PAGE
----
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Biggest and the Brightest Meteor Shower in 2022: The mother of all meteor showers with huge fireballs hundreds per hour expected


You can see the annual Perseid meteor shower live online as it nears its climax.


Peak Perseid meteor activity is anticipated between August 11 and 12. The Virtual Telescope Project is holding a live broadcast on August 9 before the moon reaches its brightest since witnessing the meteor shower's peak on August 11 would be difficult due to the bright moonlight from August's full Sturgeon Moon.


"Because of the full moon on the night of their peak, we will run this live feed two days earlier, so our satellite will be below the horizon, with still a very good number of meteors!" Gianluca Masi of the Virtual Telescope Project wrote. 


The Virtual Telescope Project's live webcast on Aug. 9 will begin at 9 p.m. EDT (0100 GMT Aug. 10) and share any meteors captured by the telescopes' wide-field cameras. You'll also be able to watch on Space.com, courtesy of the Virtual Telescope Project. 


The Perseids meteor shower is active every year from mid-July to late August, when Earth passes through the debris remnants, or bits of ice and rock, left behind by Comet Swift-Tuttle. The Perseids peak as Earth passes through the densest and dustiest area of the comet's trail.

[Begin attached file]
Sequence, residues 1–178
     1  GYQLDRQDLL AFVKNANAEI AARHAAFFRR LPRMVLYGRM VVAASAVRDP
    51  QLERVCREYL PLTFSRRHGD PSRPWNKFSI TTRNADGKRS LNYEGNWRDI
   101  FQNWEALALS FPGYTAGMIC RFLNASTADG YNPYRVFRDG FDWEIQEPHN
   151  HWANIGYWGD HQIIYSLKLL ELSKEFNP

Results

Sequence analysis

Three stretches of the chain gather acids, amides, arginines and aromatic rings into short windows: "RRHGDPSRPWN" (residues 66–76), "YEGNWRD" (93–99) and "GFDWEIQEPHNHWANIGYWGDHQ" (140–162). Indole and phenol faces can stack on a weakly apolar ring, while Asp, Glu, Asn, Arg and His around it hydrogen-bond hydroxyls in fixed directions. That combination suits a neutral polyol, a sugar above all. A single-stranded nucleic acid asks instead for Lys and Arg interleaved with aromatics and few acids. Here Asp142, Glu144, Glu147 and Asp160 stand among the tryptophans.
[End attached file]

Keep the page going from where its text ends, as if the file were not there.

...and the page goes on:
Most years, under clear skies and low light pollution, Perseid viewers can expect to see between 50 and 100 visible meteors, or "shooting stars," per hour at the shower's peak.


However, the bright light from the August full moon, which is also a supermoon (since the full moon coincides with the moon's closest approach to Earth in its orbit), will make it difficult to see many meteors. This year, viewers should expect the average number of visible meteors to linger between 10 and 20 per hour at best during its peak, according to a statement(opens in new tab) from NASA astronomer Bill Cooke. 


Therefore, the best time to look for Perseids this year is in the pre-dawn hours when the moon is below the horizon, a few days before the peak. If you aren't able to go outside and enjoy the annual meteor shower, be sure to catch the Virtual Telescope Project's live webcast on Aug. 9, when the moon is expected to set about 60 minutes before dawn, offering a short window of dark skies to observe more meteors. 


Reference(s): VTP

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